Dolly Parton has talked to just about everyone in the music and entertainment world over her 50+ years in music, movies, and spearheading her children's literacy initiative, Imagination Library. Still, even for an undisputed legend, and rightful queen in Country Music, there are those who become more than business contacts, transferring to genuine friends. Lee Gifford clearly is one of those in Dolly Parton's friend category, and the two ladies with so much in common and a connection deeper than sharing the stage sat for a candid talk on “Today” on March 29.

From ribbing to what really matters

Kathie Lee Gifford took some good-natured ribbing this morning about not remembering a medley of Lionel Richie's greatest hits as Miss America host in a 1986 look back at her storied career. Noting that she was “heavily medicated” due to a bad cold, Kathie Lee could excuse herself for not remembering the gentleman on stage with her, or some of her regrettable looks over the last 40 years or so, presented in a style montage alongside Hoda Kotb.

There was nothing to regret about her conversation with Dolly Parton, however, who is soon going to share Nashville citizenship with Gifford, after next Friday's “Today” hail and farewell. The country music icon who just signed a deal with Sony weeks ago for her expansive song catalog described how songwriting and her irrepressible work ethic was imparted through her “Smoky Mountain DNA.” Gifford holds a similar feeling to show business, frequently saying that she was born “with a pratfall and a rim shot,” and declaring that the next chapter of her life will allow her to fulfill her dream to be “The Girl in the Movies,” à la the Dolly Parton song.

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TV Shows

The new Netflix series “Heartstrings,” produced by a close mutual friend of Dolly Parton and Kathie Lee Gifford, will premiere this fall, and there is no shortage of material for the stories behind the songs. Each episode will focus on one particular song from Dolly's vast catalog of beloved tunes.

When it comes to the “writer’s trunk” of songs, known to hold the songs destined for hits and others not so much, Dolly confesses that her collection has outgrown a treasure box.

“I have shoeboxes, Kleenex boxes, I have ‘em in drawers,” confesses the 2019 MusiCares Person of the Year. The number is beyond counting, but Parton knows that there are thousands of songs, starting with “Tiny Tassel Top,” about a beloved cornhusk doll crafted by her parents, written at age 10.

Dolly Parton is the first to dismiss the notion proposed by some that she doesn't need to work. Insisting that “I dreamed myself into a corner,” the most honored female in music still has dreams to fulfill, realize and enjoy in her lifetime, and she sees no reason to stop now.

The minds of men

In today's interview and one last weekend with “CBS This Morning” correspondent, Anthony Mason, Dolly Parton paid homage to her father for the sense of belief he instilled in his daughter, one that spoke “you don't have to take nothin’ off of anybody,” convincing her that “you’re a good girl, and you're smart.” Her innate confidence carried on from the stage to the boardroom, where Dolly Parton was able to negotiate strong deals that still left the men smiling.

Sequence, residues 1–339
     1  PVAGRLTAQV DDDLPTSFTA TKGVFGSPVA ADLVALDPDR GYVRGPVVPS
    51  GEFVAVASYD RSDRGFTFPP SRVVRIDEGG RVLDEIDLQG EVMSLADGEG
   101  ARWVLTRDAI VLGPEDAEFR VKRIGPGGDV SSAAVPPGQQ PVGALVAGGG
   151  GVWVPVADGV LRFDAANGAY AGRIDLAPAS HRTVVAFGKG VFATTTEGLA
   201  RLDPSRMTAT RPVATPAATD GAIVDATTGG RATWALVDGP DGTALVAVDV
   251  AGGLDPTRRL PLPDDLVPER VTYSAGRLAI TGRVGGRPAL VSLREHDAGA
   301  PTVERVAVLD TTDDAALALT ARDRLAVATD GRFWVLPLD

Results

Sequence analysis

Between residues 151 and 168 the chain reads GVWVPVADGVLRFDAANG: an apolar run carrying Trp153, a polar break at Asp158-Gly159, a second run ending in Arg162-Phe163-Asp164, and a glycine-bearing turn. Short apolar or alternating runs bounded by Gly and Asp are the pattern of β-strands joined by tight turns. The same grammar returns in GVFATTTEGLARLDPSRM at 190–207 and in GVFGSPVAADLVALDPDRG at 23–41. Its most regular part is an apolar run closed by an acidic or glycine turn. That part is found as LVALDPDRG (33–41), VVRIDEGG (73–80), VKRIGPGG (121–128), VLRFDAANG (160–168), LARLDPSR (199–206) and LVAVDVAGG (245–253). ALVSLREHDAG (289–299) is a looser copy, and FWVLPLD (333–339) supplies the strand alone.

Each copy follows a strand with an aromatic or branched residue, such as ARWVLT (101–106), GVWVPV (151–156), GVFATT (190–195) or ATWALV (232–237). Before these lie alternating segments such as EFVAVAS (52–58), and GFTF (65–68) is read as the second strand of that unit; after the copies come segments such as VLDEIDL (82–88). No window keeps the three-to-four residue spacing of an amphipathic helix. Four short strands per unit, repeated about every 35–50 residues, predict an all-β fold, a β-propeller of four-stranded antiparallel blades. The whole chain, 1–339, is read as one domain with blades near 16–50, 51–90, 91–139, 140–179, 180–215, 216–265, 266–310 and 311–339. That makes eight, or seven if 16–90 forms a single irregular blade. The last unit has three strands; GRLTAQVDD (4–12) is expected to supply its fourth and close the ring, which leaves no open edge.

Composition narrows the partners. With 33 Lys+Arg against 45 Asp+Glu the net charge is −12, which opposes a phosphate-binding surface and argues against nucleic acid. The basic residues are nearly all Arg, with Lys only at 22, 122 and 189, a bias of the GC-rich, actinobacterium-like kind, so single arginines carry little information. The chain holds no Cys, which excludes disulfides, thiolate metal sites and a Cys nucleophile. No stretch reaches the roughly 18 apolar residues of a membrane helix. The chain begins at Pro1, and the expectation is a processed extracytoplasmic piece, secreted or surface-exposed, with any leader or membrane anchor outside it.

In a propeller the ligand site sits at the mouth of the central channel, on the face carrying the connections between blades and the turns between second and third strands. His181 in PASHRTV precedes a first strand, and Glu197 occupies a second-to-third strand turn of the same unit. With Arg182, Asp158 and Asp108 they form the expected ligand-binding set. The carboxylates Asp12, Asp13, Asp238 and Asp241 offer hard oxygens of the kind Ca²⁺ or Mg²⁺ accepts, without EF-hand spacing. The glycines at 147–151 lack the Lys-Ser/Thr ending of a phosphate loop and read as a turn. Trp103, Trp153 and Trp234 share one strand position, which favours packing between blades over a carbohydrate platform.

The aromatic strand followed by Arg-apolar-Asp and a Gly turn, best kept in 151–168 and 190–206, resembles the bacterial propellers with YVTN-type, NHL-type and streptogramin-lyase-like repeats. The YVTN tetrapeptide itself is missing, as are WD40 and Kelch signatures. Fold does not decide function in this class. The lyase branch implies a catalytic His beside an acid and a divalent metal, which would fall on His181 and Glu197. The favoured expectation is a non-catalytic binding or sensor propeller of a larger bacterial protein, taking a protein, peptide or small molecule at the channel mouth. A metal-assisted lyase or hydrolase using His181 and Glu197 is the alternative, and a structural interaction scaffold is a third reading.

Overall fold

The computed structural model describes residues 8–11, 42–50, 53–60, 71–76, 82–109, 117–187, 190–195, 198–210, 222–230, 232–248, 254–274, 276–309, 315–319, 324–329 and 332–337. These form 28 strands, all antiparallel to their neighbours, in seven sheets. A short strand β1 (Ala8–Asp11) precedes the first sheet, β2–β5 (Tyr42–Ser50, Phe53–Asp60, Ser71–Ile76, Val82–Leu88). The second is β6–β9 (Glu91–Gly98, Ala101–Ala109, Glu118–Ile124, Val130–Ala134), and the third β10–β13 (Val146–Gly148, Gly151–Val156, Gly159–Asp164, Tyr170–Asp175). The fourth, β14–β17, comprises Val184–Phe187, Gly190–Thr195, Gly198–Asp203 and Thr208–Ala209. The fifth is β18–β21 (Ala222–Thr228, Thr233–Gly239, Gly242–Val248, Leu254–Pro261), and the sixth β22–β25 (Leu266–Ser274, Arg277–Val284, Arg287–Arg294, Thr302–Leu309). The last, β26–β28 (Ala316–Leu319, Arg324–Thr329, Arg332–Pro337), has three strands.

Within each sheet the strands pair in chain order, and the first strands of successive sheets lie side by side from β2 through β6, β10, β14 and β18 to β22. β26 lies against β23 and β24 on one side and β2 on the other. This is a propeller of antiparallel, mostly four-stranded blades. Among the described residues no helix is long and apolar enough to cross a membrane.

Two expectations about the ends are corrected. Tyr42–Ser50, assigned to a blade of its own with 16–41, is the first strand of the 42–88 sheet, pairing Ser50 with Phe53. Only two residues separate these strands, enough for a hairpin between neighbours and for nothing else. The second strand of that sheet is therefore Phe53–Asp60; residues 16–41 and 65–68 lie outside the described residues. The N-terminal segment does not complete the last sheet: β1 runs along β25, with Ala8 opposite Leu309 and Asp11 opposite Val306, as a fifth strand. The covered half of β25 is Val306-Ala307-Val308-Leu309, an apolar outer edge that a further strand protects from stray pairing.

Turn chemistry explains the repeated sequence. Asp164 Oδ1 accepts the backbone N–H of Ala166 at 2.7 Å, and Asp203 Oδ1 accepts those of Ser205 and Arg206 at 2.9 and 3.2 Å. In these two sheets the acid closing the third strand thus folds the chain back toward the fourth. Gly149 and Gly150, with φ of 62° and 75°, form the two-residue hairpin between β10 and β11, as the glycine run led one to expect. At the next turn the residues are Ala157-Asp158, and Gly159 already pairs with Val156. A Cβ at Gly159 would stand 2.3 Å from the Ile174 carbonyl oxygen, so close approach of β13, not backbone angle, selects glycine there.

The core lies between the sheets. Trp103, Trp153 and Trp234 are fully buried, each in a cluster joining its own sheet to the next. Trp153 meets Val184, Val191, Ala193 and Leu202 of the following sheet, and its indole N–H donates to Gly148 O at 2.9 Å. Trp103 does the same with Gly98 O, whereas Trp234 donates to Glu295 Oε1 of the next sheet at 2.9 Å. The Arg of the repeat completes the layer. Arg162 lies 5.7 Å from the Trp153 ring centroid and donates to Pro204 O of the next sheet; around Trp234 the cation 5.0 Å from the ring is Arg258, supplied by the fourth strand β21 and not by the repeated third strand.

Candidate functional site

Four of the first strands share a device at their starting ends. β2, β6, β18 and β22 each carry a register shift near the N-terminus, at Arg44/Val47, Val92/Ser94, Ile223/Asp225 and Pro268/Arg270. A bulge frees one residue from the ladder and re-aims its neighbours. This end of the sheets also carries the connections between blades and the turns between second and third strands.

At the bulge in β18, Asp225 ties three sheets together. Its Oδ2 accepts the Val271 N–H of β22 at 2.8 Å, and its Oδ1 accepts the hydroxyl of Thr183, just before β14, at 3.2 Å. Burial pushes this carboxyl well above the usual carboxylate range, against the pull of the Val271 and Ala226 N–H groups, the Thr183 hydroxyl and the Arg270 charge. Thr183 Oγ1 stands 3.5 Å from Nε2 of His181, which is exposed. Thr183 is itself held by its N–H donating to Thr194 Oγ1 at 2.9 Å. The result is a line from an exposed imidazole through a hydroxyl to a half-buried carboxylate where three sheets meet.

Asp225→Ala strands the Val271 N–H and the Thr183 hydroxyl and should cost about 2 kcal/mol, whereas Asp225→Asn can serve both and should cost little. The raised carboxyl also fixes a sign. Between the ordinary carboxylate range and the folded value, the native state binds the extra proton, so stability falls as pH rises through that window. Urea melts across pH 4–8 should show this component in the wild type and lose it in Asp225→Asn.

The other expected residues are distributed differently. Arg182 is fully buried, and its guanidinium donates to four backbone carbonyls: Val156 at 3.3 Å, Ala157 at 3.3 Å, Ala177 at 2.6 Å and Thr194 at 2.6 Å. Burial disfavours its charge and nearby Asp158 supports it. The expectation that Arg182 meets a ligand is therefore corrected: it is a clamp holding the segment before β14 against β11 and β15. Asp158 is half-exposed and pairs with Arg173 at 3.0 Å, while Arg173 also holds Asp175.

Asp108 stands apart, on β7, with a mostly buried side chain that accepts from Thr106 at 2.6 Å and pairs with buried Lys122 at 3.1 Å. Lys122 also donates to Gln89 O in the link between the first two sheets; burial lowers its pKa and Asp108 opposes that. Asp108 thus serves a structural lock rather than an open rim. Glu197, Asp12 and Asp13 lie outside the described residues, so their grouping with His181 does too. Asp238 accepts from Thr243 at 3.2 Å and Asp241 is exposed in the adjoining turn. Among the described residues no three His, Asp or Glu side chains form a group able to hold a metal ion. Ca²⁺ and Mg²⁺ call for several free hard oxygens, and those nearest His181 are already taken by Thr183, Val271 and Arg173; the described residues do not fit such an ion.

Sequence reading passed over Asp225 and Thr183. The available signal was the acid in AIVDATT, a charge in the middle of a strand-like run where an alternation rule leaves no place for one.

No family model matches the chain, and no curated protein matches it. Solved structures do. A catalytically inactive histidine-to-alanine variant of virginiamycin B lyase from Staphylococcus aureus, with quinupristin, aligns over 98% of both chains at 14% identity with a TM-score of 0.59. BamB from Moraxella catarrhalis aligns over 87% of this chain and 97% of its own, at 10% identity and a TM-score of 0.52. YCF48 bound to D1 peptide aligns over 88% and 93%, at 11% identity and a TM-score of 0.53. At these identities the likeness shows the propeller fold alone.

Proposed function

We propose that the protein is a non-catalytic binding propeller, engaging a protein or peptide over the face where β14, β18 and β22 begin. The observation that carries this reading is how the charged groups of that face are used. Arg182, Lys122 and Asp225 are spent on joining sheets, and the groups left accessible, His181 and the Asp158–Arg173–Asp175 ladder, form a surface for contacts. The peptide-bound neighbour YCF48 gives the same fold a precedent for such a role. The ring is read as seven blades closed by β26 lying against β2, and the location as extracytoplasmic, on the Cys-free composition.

She takes pride in how her father knew how to trade and barter in any circumstance, despite never learning to read. His inspiration led to the launch of Imagination Library, which mails books to preschoolers across the globe. Robert Lee Parton lived to see that inspiration of his love and strength take flight.

Living with brothers, uncles and her business-savvy dad brought great benefit to Dolly, but she strongly believes that the heart and intuition of a woman have strength all their own. “Just Because I'm a Woman” was the first single from Dolly Parton, and its intent aims to say “don't feel sorry for yourself when you look at me,” as Dolly Parton equates. “Think of all the hurt you might have caused somebody else.”

The artist also compares herself to Will Rogers, proclaiming: “I never met a man I didn't like,” although some measure more or less than others.

She credits her mother for her consistently positive outlook that “through God, all things are possible,” and interprets her mission as “to glorify Him and uplift mankind,” as Parton asks in her daily prayers, and that request is fulfilled by “writing good songs and doing good things.” Dolly recently made a $200,000 donation to Smoky Mountain firefighters to wrap up the drive she initiated through her My People Fund in 2016 after the tragic Tennessee wildfires near her Sevier County childhood home.

Dolly Parton and Kathie Lee Gifford share much more in common than their city of residence and love of music. They share the same simple, culinary weakness, too. Kathie Lee ventured to ask the songwriter what her weakness was, and in a flash, Dolly blurted “I guess potatoes!” to which Gifford agreed. Everyone has to savor the simple pleasures of life, including celebrated ladies with super hits and stratospheric record sales.

In the studio, tears came to Kathie Lee again as she recalled the encouragement from Dolly Parton over 41 years, recalling that Dolly, Barry Manilow, and Neil Sedaka were her cheering team in songwriting.

Hopefully, these new Nashville neighbors can spend more time writing and laughing together, maybe over a plate of potatoes, for years to come.

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